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The auditorium of Berkman Hall at Cleveland State University was filled to capacity as at least a thousand people, near and far, citizens from the Glenville community along with Councilman Kevin Conwell and others came to pay tribute to a legendary manager and humanitarian Robert J. McQueen III known to all as Rob J.

Robert was manager of Cleveland’s renowned Bone Thugs N Harmony. He aided in developing and mapping the future for the then young group, which is remembered, for the hit songs “Crossroads”, “1st of the Month”, and “Thuggish Ruggish Bone”. His sudden passing left an indelible mark on the community in which he was raised as he touched the lives of so many.

Ms. Yvonne Pointer, an anti-violence activist and motivational speaker stated, “Robert was my ‘Go to guy’. When looking for activities for the development of youth and the expansion of activities for youth, it was Robert who taught what the children needed and what we should do. At a time when I needed healing, he was there to help me to heal so that I could aid in the healing of others. He aided me in planning and putting forth Midnight Basketball which helped to save the lives of many of our young people because there was something else for them to do.” The activities in the Glenville community were the brainchild of Robert as he continued to give back to his people and his community. According to Ms. Pointer, “Robert was the one to call. He called me Momma P and said, Momma P, I’ve got you.”

Robert touched thousands of children and young men’s lives. One of those touched by his kindness, Isaiah Blackston sang a rendition of the song, “It’s So Hard to Say God-Bye to Yesterday.” The overwhelming display of emotion emitted from the joint voices of the congregants who attended with tears and love.

His son Chris stated, “I remember the last thing that my dad said to me. He said, Chris try to be a man. Take care of your family and take care of your baby. After that, I never had the chance to speak to my father again”. He also stated that he got a text from his dad that read; “A man who has power and does not use it for good then it does not mean anything. He told me to use my power.”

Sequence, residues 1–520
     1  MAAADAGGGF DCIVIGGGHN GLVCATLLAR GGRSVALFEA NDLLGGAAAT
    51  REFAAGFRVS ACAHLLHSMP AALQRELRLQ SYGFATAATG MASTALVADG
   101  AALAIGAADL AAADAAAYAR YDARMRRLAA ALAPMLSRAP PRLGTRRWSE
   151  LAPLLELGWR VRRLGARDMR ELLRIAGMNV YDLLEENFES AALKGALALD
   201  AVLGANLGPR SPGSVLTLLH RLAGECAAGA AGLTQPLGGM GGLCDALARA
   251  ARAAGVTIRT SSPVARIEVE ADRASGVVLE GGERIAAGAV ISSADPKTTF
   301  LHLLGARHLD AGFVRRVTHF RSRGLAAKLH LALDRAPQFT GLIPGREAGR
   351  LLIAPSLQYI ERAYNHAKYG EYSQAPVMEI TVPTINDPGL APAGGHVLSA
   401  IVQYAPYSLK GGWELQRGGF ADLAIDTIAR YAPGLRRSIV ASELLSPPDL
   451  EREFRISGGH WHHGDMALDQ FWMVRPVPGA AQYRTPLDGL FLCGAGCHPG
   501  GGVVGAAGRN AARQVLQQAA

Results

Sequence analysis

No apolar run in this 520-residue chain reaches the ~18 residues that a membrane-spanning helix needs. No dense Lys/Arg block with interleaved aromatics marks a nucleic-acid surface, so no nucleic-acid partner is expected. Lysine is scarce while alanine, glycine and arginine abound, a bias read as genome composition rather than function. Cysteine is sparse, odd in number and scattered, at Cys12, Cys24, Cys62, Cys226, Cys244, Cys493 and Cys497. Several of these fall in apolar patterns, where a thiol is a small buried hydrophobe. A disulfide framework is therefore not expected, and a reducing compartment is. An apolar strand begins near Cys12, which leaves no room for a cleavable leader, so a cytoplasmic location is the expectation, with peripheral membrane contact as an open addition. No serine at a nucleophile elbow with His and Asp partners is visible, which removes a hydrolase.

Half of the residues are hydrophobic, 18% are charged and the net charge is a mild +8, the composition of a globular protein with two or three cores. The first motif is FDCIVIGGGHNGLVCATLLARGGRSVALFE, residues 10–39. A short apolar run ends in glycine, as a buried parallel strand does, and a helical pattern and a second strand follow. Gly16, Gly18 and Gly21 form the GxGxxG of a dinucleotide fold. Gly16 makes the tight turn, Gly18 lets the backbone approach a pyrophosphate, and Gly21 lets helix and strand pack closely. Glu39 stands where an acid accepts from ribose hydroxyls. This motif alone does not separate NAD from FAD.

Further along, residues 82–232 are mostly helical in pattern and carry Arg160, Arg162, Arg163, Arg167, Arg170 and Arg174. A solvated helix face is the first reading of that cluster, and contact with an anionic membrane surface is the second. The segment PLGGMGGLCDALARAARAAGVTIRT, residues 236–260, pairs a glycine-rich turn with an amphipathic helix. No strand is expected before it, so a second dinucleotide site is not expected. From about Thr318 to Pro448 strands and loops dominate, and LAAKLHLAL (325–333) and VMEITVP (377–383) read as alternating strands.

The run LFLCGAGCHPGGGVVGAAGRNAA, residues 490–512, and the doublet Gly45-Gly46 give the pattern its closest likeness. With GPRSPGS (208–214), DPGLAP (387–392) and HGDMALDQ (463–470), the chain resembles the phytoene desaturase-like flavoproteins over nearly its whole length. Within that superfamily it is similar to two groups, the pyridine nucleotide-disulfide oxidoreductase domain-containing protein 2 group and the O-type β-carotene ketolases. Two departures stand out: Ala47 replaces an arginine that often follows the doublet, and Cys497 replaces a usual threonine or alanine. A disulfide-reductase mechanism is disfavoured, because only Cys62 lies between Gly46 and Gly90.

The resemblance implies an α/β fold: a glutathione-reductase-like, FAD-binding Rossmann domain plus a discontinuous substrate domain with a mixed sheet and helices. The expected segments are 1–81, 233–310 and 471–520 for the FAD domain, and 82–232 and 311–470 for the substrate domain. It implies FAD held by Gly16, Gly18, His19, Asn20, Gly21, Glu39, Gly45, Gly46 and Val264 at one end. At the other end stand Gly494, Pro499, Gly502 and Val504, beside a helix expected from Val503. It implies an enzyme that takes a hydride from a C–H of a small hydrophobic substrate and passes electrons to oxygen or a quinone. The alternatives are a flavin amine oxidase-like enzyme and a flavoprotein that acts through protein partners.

Robert had a pied piper mentality, which was a draw to those who were around him. It pushed them to a level of excellence and success so that they would become more so that they could aspire to be more.

Steven Howse (Layzie Bone) of Bone Thugs N Harmony stated to me “Robert was that glue which held his group, his family and him together; he was my right hand man”. He held us all together. “He was my business partner and my friend.”

Bone Thugs N Harmony, family and friends, and the entire community displayed their love for him throughout the celebration; we were all one family, one community.

Robert’s young cousin RayShawn Jackson reflected as others did because of Robert’s influence in his life. “Robert taught and schooled me on how to play football. It disciplined me for life and for my family. When I was blessed with a son, I taught my son as Robert taught me.”

Robert McQueen was a gentle giant of a man, a product of the projects who became a man in the community. He received the love of his friends and his enemies because of his giving spirit. He earned the respect and love throughout Glenville and all of Cleveland.

Proclamations were read from Mayor Jackson, Cleveland City Council and organizations throughout the city. Robert’s mother, Lela McQueen stated, “He made momma proud. He was full of love, loyalty and devoted to his family.” Robert was not a man who played in the NFL as a star, but he was a star in the game of life, which he played so well that we all knew him, and loved him.

The Gaines Funeral Home, under the direction of Kay Gaines, gave Robert an excellent presentation and took him on one last journey through his beloved Glenville neighborhood where he will always be remembered.

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